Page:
When Pete Kartsounes decided to hike the Colorado Trail, he couldn’t leave his music behind. So he decided to play shows along the way—and founded a hiking charity to fight cancer.

Trailside Crooner Pete Kartsounes

Trailside Crooner Pete Kartsounes

Like most local singer-songwriters, Pete Kartsounes dedicates his summers to touring.  So when his good friend asked him to hike the Colorado Trail last year, the Boulder-based musician hesitated before saying yes to the 483-mile journey. But rather than skip his usual lot of shows, Kartsounes brought the tunes to the trail, playing concerts in most of the towns they passed through while on their trek.

Kartsounes, a longtime fixture in Colorado’s ever-expanding roots music scene, enjoys shifting his sound from soulful blues and funk to heartfelt, story-driven newgrass. The versatility of this multi-instrumentalist has earned him spots in popular regional bands Possum Logic, Willis and, most recently, the Wayward Sons. Kartsounes’ latest solo album, 2007’s “Out of Nowhere,” features help from Drew Emmitt of Leftover Salmon and Jeff Austin of Yonder Mountain String Band.

For more than a decade Kartsounes let his passion for hiking take a backseat to the rigors of life as a traveling musician. Tired of seeing the warm months pass by from the window of a van, he joined his friend—backpacking legend Namie Bacile—on what evolved into a life-changing  thru-hike. (Bacile is the only person on record to complete the Continental Divide, Appalachian Trail and Pacific Crest Trail three times each.) Kartsounes decided to give the trek a higher purpose and used it to raise funds and awareness for cancer. Kartsounes has lost multiple friends to the disease that will claim the lives of over a half-million Americans this year. Cancer also took his dog, who was his best friend for 12 years.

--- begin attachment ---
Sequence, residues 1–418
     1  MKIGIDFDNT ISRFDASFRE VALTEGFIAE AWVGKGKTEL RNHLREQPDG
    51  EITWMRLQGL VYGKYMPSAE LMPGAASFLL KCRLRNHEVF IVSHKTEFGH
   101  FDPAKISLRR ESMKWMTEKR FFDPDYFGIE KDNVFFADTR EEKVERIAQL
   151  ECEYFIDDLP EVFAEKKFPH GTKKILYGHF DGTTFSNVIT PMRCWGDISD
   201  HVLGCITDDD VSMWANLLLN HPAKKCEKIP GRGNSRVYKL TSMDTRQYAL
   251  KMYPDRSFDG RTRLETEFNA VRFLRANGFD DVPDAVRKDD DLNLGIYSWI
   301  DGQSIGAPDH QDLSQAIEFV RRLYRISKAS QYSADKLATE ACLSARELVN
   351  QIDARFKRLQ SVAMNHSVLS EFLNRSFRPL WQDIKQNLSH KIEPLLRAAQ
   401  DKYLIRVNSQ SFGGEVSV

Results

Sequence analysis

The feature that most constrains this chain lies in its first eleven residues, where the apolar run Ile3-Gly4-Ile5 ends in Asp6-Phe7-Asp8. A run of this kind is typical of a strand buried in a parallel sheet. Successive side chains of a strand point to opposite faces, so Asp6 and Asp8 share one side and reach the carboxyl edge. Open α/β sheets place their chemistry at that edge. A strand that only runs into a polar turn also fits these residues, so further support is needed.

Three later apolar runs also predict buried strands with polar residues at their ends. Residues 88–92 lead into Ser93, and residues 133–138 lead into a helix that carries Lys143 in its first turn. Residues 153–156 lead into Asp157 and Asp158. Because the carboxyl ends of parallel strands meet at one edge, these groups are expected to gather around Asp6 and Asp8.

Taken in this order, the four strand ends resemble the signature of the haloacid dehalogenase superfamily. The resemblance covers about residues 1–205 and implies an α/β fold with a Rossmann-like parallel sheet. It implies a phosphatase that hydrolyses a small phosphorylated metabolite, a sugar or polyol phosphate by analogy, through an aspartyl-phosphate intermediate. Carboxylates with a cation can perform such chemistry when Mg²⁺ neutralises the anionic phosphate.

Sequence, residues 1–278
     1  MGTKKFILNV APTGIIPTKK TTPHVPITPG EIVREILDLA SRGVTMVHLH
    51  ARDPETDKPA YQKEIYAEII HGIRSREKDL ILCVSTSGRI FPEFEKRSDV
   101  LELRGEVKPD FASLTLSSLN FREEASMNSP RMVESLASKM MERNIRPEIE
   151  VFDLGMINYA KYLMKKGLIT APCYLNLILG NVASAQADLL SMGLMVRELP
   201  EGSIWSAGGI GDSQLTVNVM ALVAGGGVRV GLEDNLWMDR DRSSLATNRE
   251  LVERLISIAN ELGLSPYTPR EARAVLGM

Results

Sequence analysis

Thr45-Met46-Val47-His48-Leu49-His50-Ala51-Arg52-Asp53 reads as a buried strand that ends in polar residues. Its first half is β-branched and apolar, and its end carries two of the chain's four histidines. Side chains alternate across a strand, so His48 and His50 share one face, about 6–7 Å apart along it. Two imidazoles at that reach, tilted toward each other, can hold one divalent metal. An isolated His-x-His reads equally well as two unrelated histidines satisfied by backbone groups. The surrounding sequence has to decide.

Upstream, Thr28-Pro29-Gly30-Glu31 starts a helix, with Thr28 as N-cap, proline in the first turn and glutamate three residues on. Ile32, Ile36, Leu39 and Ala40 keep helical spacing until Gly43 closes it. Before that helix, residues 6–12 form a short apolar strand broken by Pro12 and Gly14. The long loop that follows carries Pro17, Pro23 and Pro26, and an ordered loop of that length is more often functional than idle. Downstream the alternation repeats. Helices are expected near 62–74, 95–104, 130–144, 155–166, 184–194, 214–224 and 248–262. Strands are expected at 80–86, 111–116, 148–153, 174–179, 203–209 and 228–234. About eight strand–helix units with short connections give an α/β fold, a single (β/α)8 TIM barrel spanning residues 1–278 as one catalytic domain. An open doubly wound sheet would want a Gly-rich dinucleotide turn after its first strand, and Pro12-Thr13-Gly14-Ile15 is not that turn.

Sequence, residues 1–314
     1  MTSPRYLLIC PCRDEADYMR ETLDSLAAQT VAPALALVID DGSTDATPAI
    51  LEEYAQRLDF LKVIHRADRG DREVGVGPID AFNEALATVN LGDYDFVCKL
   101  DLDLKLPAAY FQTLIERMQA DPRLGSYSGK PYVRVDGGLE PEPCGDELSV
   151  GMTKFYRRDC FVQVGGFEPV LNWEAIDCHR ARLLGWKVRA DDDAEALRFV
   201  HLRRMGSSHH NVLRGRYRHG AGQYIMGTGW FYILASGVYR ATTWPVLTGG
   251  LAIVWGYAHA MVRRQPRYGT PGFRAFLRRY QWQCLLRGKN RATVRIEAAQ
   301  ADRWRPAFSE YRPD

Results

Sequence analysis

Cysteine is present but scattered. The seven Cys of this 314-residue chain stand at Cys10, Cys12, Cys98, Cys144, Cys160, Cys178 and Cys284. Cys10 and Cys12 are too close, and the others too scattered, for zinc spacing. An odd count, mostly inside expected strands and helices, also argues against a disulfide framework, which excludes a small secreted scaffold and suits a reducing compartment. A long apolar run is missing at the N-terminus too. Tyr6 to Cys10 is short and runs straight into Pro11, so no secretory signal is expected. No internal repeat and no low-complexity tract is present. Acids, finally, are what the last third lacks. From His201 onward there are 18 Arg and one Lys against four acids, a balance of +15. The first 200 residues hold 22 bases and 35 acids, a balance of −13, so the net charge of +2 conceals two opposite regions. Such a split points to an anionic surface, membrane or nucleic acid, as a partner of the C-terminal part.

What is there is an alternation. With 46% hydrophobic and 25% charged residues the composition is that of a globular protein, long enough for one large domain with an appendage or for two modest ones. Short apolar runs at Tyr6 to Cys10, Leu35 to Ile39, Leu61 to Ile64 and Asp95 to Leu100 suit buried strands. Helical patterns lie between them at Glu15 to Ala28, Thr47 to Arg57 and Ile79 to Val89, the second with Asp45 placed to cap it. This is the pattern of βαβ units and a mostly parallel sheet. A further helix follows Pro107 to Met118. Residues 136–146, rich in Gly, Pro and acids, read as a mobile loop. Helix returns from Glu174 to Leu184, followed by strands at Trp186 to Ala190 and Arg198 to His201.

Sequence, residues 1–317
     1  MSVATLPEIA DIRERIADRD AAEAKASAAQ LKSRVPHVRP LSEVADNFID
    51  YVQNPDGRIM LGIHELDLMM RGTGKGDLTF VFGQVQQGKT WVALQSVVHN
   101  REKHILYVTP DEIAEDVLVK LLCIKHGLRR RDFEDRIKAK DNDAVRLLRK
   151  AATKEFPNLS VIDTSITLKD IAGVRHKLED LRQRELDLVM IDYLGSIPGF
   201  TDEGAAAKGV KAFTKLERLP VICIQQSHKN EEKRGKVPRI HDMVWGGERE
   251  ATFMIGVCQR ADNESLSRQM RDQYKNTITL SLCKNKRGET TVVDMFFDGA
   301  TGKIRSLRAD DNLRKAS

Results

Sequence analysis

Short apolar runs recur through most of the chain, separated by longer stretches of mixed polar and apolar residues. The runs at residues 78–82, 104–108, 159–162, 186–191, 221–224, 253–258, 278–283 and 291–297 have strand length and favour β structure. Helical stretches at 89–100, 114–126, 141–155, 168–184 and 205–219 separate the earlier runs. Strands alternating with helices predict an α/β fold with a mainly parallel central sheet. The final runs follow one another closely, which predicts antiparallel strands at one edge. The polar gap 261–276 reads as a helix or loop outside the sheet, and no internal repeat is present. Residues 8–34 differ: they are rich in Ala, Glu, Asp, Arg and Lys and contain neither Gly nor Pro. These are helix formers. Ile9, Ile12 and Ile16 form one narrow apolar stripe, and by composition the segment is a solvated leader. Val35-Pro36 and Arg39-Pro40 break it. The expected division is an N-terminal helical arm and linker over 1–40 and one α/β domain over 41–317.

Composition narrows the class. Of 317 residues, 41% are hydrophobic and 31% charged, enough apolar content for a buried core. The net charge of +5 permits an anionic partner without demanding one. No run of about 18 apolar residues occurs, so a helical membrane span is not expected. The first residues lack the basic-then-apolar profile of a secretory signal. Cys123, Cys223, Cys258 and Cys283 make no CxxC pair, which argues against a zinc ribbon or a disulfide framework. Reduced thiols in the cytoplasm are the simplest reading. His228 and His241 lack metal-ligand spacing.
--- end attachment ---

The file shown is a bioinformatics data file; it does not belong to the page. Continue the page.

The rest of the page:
“I had been looking for something to give my life more meaning, so I wanted to do something inspiring,” Kartsounes says. “Cancer is something that affects everyone personally in some way.”

Before hitting the trail last summer, Kartsounes formed the nonprofit Hike4Cancer. During the 5-week hike, which traversed the Rockies from Denver to Durango through six wilderness areas at an average elevation of 10,000 feet, he stopped in towns near the trail and played shows to raise money for the organization. All of the proceeds from gigs in Leadville, Salida, Creede, Durango, Pagosa Springs and Del Norte were funneled from Hike4Cancer to Camp Wapiyapi, a summer respite in Estes Park for kids with life-threatening illness.

“Being out there on the trail every morning, hearing the coyotes and watching the sun rise, made me thankful for what I have,” Kartsounes says. “Now I have more meaning than just driving around the country playing music. It feels good to use what I do to make a difference. ”

Time on the trail was also creatively productive. During the hike Kartsounes toted a small Martin Backpacker guitar so he could write songs along the way. Tunes penned from the adventure will be released on an upcoming album “Songs from the Trail.” The disc, set to come out in 2010, will be co-produced by Bill Nershi of the String Cheese Incident.

The long-term goal is for Hike4Cancer to become a universally recognized hiking charity that can expand to trails around the U.S. Kartsounes will hike the Colorado Trail again this year, starting on July 28. This year he has an open call out to hikers to join him for a section of or the entire trail. He asks those who attend to raise some money per mile to help the charity.

“I’d like to see people all over the world hiking for beneficiaries in their own communities,” Kartsounes says. “I’ll be doing this for the rest of my life.”